Candor and humor fill 'The Odd Couple'

It’s men’s poker night in the Manhattan apartment of the “divorced, broken, and sloppy,” Oscar Madison says. He cracks a beer that sprays the table and soaks cards and chips.

So opens Next Stage Repertory Company’s slick production of Neil Simon’s “The Odd Couple,” playing at 7:30 p.m. Friday and Saturday, Jan. 13-14, at the Craterian Theater in Medford.

The players grumble, and Oscar growls, “If I wanted nagging, I’d go back with my wife.” The game is soon overshadowed by the discovery that one of its regulars is missing. He has left his wife and is threatening suicide. The men worry, pace and speculate until the missing Felix Ungar appears. Pandemonium ensues as the men struggle desperately to keep Felix from doing himself in.

The upshot of the story is that Oscar and Felix become roommates. All would be well, if they could just get along. Felix is a fastidious introvert who tends toward hypochondria and tears.

“The first sign of anything going wrong, I go to pieces,” he says.

Oscar is a slovenly, relaxed schmoozer. Both are lonely, and both are unhappy to live alone.

Their chemistry is not oil and water, but vinegar and soda. Sparks fly as they sizzle, spat and slide from one petty domestic crisis to the next. It becomes clear that they are still playing the roles that drove their former marriages to destruction. Neither man wants to change.

“We are what we are,” Felix says.

While Oscar searches for excitement and romance, Felix clings to control and order. Enter “that English Betty Boop and her sister,” Cecily and Gwen Pigeon — marvelously portrayed by Andrea Hochkeppel and Marlena Gray. The sisters are lighthearted and glib, warm and compassionate, and bring more hilarity to the situation as they giggle, fidget and flirt.

The size of the Craterian Theater requires immense physicality on the part of the actors and clever choreography on the part of director Doug Warner, but both seem accomplished with ease. Oscar, played by Roy Von Rains Jr., swings and swaggers, and Mark Roper's Felix tiptoes and poses as he stalks and retreats around the poker table. All of this might not be believable, except for the balance and authenticity that each actor brings to his character. Felix’s catlike premeditation and childish manipulations are balanced by his mild voice and deadpan expressions. Oscar saunters and sways, as he is intensely concerned with the high stakes of either losing a close friend or his sanity.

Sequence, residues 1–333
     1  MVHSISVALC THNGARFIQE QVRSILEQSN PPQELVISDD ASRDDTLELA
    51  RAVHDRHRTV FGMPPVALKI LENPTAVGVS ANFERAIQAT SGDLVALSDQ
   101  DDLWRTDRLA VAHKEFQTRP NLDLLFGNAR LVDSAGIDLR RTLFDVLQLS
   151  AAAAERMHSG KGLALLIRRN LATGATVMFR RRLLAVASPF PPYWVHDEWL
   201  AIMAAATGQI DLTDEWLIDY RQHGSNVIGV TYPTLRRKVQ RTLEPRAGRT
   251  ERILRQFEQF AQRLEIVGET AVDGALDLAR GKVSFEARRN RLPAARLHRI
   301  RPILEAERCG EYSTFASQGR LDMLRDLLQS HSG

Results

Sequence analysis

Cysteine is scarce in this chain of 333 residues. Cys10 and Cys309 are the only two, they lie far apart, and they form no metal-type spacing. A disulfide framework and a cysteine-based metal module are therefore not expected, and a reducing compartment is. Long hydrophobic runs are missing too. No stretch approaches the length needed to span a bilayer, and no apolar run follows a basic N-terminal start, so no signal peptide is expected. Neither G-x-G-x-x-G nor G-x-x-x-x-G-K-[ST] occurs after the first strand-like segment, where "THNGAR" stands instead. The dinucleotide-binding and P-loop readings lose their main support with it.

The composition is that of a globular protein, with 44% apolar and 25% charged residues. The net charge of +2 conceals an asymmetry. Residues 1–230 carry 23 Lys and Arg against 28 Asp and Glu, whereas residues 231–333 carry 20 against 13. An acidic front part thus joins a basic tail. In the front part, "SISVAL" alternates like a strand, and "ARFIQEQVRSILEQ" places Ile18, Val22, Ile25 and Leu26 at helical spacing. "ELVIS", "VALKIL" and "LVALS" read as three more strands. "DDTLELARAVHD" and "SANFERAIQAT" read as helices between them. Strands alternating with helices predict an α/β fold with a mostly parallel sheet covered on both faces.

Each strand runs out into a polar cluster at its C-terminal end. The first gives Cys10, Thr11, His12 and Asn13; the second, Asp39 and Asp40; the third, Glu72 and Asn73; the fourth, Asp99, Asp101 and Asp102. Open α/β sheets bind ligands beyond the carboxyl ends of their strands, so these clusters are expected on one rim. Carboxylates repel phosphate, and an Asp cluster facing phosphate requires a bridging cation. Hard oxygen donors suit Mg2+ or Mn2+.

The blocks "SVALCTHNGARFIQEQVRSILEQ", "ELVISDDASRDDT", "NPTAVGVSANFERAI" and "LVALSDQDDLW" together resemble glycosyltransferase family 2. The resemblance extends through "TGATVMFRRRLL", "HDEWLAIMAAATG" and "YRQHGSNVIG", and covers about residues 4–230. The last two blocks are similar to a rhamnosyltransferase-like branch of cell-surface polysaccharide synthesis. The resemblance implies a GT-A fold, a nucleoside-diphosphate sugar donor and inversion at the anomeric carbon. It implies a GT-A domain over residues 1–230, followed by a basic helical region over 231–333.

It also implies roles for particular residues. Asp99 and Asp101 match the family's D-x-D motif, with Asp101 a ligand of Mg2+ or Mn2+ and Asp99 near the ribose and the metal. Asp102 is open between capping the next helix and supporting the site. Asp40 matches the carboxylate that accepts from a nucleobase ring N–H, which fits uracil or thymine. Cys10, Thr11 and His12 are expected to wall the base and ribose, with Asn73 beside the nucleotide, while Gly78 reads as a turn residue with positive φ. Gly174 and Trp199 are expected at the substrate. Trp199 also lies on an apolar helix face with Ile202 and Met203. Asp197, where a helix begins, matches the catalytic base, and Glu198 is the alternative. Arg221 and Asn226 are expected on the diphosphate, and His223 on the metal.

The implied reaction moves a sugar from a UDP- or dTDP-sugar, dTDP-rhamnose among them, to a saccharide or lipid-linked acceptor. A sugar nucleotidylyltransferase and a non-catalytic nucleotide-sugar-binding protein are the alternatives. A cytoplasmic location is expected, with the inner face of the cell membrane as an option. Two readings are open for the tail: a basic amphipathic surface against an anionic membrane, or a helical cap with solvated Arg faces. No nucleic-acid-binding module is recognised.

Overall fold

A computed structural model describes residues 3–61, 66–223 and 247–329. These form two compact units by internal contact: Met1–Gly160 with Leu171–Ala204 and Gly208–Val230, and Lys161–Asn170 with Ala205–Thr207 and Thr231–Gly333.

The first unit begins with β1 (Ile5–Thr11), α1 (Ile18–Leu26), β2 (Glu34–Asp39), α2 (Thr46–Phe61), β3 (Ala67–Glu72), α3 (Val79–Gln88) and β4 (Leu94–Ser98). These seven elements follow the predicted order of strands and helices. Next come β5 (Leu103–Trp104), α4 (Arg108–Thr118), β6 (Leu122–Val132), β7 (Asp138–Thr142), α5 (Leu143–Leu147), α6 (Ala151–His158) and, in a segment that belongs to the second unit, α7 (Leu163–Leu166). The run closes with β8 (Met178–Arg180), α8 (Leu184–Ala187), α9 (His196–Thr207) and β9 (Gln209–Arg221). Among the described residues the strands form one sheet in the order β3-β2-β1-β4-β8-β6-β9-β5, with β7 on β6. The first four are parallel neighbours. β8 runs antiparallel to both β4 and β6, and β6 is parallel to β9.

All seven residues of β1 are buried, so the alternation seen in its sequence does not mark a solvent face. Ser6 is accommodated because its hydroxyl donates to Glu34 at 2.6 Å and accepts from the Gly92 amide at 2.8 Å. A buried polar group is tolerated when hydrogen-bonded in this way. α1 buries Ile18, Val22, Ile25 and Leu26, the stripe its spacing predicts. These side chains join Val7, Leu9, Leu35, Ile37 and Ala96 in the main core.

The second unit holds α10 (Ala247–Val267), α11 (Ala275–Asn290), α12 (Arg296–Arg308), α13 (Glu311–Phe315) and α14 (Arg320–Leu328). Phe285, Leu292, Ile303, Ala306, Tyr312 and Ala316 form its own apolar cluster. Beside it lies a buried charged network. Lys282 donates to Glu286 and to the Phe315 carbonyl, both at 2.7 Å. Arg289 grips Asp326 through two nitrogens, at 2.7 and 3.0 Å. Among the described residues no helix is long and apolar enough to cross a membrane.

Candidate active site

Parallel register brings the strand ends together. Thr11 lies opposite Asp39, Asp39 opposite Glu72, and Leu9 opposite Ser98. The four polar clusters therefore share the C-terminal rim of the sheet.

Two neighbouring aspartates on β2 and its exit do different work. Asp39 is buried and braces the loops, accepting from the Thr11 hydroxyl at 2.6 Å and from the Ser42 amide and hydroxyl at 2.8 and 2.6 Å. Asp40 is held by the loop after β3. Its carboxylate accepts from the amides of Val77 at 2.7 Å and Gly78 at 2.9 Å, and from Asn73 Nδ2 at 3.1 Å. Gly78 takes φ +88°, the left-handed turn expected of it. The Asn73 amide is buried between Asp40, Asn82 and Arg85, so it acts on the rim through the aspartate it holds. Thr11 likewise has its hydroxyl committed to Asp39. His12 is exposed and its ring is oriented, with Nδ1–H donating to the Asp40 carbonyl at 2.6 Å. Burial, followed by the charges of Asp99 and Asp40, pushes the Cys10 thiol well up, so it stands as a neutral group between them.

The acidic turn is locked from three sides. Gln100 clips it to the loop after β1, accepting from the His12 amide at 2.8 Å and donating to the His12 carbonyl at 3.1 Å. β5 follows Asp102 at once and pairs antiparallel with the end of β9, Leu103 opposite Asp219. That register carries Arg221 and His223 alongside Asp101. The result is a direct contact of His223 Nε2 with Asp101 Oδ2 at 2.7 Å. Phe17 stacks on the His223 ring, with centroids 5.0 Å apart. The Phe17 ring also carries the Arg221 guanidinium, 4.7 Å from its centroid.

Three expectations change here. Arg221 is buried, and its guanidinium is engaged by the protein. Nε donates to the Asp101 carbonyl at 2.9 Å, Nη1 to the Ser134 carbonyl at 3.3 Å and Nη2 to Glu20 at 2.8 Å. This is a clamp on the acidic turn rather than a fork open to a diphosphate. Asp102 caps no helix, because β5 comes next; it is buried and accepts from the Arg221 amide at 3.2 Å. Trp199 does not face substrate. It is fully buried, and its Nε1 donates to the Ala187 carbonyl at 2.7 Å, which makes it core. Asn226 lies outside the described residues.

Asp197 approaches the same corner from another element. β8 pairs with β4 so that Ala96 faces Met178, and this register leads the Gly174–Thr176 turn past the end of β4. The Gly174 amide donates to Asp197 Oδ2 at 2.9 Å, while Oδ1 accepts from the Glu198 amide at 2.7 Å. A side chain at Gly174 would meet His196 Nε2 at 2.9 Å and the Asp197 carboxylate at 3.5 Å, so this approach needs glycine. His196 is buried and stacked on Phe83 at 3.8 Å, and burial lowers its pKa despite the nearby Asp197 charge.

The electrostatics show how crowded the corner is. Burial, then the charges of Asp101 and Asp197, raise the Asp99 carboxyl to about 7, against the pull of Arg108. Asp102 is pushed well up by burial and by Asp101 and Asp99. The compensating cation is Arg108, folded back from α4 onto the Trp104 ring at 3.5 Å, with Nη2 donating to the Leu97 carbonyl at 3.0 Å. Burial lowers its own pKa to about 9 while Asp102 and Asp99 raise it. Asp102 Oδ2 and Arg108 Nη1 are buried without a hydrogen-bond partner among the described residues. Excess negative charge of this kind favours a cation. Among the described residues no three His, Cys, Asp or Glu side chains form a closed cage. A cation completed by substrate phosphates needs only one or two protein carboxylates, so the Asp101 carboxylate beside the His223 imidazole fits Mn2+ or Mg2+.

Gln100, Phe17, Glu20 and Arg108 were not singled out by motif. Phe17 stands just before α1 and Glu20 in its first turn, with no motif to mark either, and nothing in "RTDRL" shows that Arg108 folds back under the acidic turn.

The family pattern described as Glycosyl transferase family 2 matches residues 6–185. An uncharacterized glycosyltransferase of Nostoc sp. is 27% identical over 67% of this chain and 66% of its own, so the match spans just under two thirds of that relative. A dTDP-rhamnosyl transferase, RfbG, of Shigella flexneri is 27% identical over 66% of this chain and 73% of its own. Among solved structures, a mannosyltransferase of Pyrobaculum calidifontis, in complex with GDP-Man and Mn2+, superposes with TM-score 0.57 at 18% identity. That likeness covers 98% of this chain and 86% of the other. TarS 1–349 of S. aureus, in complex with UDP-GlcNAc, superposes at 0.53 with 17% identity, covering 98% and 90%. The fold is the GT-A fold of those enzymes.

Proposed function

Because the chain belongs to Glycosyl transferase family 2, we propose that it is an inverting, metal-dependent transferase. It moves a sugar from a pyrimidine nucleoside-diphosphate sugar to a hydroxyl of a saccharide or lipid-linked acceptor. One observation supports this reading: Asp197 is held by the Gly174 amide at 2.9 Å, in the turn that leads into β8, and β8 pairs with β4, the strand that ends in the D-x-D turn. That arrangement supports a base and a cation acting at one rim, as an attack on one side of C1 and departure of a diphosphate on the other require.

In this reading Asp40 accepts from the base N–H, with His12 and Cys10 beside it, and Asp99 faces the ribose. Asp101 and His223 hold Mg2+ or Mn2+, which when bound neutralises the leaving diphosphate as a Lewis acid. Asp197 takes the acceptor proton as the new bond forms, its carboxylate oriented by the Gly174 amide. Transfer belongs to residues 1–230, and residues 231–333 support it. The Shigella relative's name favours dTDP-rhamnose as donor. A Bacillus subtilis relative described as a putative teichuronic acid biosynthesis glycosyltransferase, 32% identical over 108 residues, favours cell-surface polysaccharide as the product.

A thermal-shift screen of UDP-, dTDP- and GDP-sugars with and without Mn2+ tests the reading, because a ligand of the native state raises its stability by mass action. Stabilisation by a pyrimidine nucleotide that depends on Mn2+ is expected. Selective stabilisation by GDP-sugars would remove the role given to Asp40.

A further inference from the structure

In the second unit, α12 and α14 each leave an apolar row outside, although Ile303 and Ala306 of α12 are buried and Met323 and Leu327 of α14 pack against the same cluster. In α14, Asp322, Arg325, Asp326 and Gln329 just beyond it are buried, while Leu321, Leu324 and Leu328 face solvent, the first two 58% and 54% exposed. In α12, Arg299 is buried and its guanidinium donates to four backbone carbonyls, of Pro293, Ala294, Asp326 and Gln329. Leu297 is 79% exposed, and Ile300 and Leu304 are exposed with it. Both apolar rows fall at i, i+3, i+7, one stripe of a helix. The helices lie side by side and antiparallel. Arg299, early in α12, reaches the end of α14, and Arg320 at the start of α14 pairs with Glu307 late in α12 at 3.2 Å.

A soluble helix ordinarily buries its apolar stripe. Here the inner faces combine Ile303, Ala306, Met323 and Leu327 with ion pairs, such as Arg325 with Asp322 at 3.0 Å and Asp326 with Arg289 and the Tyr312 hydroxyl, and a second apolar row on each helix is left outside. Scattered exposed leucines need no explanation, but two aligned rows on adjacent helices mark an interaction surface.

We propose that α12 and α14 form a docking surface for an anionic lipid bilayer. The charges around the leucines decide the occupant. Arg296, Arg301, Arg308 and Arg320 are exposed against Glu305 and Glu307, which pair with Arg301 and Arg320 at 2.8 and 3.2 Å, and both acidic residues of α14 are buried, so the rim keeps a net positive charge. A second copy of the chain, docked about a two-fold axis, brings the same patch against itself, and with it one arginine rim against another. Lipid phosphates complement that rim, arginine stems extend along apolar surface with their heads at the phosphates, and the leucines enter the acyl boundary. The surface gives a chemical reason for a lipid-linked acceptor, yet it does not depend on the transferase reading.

The poker players are nimbly played by David Rowley as Vinnie, the big winner with the wimpy voice; Greg Franklin as Murray, the hefty cop with a soft heart; Justin Briggs as Speed, who threatens to quit the game and start reading books again; and Peter Wickliffe as Roy, who notes that the poker food is the same garbage as the previous week's game. The high jinks of the players are perfectly coordinated and timed.

The bright minimal set is filled with hundreds of period props that Felix examines, cleans, organizes and puts away. In all of the chaos, he keeps the apartment tidy.

For those who think that “The Odd Couple” may be outmoded, think again. The script is as insightful and the characters as genuine as when the play premiered in 1965. It has enjoyed many revivals and adaptations in film and on television. Anyone who has had a roommate will identify with either one or both of the characters in any given situation.

The opening night audience was receptive from the first line; cheers greeted the curtain call.

Tickets are $18 and can be purchased online at, at the box office, 16 S. Bartlett St., or by calling 541-779-3000.

Evalyn Hansen is a freelance writer based in Ashland. Reach her at

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